Review: Edy’s Fat Free Vanilla “Flavored” Chocolate Ice Cream

It’s that time of the year again.  With spring upon us and summer fast approaching, I find myself looking more and more to the freezer for my afternoon snack fix.  Lately I’ve been hooked on overloaded bowls of frozen cocoa pebbles mixed with cool-whip (and that’s the real deal, hydrogenated stuff there kids), a combination which I must say exceeds “very good” and approaches “freaking amazing.”  That being said, it’s really not that good for me, so you can imagine how excited I felt when I found the perfect “healthy” alternative in the supermarket the other day; Edy’s Fat Free, No-Sugar-Added  Vanilla Flavored Chocolate Ice Cream.  Yes, that is the entire title of this product.  We even have photographic evidence:

With a title longer than some epic poems, this stuff better have been good...

With a title longer than some epic poems, this stuff better have been good...

What can be better than replacing one chemically laden food concoction with another?  I’m not sure really, but I should note that most “light” ice creams can be hit or miss when it comes to texture and creaminess, and knowing this I was not expecting much from the 1.5 quart carton I picked up for $2.99 at Giant Food.  It should also be noted that I’ve had bad experiences with similar Breyers varieties in the past, and have noticed that the Breyers nonfat and light ice cream tend to ‘crystallize’ too easily in the fridge and end up turning into an inconsistent mess that resembles a somewhat creamy (but not really) snowcone.  Likewise, Turkey Hill’s fat free products (while solid in flavor) often exhibit that trademark gumminess seemingly only found in nonfat ice cream, no doubt the result of an ingredient list which contains more stabilizers than the former Mir space station.  

Xantham Gum can be your friend if you let it.

Xantham Gum can be your friend if you let it.

Amazingly however, this Fat Free ice cream seemed to avoid each extreme, instead exhibiting a remarkable creaminess for being a non-fat product.  Not that it would be mistaken for the real thing, but I found it to have the consistency of a really good frozen yogurt without that annoying “melts in four seconds on a sunny day” physical property that has long plagued yogurt makers everywhere.  I got some good licks into my cone, and generally enjoyed the chocolaty-vanilla flavor of the product.  I do admit that the flavor does come across as low quality and artificial, which if you’re a simpleton like myself really isn’t much of an issue (remember, I’ve been channeling cocoa pebbles and cool whip for several days on end here).  Still, the relative creaminess of this product is enticing enough to overlook its average flavor, although one does wonder if perhaps this apparent consistency is too good to be true…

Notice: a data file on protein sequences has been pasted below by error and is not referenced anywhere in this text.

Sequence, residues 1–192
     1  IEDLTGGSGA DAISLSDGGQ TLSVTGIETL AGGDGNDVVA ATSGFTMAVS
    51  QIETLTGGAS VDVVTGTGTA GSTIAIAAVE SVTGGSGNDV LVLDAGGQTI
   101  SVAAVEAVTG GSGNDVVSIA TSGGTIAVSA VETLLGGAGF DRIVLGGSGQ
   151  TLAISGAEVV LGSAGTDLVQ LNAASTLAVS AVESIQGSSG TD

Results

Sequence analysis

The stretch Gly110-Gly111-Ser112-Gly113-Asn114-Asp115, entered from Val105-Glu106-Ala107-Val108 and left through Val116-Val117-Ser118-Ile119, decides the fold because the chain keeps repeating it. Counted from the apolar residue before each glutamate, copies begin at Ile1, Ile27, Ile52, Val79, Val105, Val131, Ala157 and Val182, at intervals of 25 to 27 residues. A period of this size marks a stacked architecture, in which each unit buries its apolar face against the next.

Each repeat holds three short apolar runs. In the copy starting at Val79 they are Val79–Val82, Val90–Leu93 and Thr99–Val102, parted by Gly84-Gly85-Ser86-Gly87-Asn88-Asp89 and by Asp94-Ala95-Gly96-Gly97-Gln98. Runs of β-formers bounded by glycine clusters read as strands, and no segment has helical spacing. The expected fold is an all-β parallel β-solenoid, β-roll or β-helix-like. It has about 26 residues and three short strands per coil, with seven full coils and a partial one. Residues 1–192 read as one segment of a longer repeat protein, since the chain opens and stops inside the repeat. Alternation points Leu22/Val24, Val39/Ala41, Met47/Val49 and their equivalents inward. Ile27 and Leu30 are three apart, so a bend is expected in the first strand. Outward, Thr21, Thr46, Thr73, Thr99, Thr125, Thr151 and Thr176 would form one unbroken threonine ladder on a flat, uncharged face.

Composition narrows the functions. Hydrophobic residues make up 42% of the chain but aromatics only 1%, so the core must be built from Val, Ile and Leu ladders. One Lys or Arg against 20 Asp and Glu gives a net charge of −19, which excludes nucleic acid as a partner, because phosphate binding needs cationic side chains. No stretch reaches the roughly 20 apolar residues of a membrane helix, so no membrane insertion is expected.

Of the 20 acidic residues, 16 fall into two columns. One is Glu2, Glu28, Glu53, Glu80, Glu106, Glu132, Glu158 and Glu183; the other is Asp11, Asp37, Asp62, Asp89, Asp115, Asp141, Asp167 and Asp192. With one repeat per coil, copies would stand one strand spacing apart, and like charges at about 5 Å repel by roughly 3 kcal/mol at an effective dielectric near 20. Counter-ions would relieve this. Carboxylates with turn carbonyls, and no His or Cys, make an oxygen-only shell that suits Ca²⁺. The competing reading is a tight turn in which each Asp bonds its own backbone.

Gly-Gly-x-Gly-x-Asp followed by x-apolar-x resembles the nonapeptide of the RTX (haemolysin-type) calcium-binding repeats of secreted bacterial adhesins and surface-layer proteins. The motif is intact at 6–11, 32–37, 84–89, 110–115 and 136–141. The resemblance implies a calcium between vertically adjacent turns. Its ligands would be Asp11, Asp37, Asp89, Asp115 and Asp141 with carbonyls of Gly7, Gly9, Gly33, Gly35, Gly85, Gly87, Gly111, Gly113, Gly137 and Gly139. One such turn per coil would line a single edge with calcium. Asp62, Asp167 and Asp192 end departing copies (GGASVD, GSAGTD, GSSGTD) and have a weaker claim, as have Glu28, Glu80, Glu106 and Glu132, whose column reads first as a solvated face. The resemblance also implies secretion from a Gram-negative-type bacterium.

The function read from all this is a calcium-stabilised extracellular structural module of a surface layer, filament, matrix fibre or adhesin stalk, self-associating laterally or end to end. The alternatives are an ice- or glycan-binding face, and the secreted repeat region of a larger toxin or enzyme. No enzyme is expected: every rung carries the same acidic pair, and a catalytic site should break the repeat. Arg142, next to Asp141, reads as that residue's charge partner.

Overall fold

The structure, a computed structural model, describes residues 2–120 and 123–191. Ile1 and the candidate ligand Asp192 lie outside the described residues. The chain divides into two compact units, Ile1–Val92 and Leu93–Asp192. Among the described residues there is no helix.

This is nonfat, right?

This is nonfat, right?

This product is not listed on the Edy’s website, although the exact same flavor is listed as being produced as a low-fat variety in Edy’s “Yogurt Blends” line.  I’m not sure if that means this product is brand-spanking new or perhaps just really, really old; but if you can find it I’d go ahead and at least give it a try.  No it may not rival the creamy and delicious aspect of real-deal, full-fat ice cream, and granted it will leave your taste buds wanting more if you’re into that whole “au natural French vanilla bean and honey” combination- but considering the competition out there for similar products I’ve found this to be amongst the best non-fat ice creams ever.  That may not be saying a whole lot in terms of overall awesomeness for an ice cream, but hey, man can not live on frozen cocoa pebbles and cool-whip alone.

  • Pros: Great consistency and texture for being a fat free ice cream.  Actually has element of “creaminess” without the annoying “melts in four seconds” physical properties of nonfat frozen yogurt.  Only 100 calories per serving.  Unlike some sugar-free ice creams is not overloaded with sugar alcohols.  Tastes like the awesome combo of frozen cocoa pebbles and cool whip without all that hydrogenated oil stuff.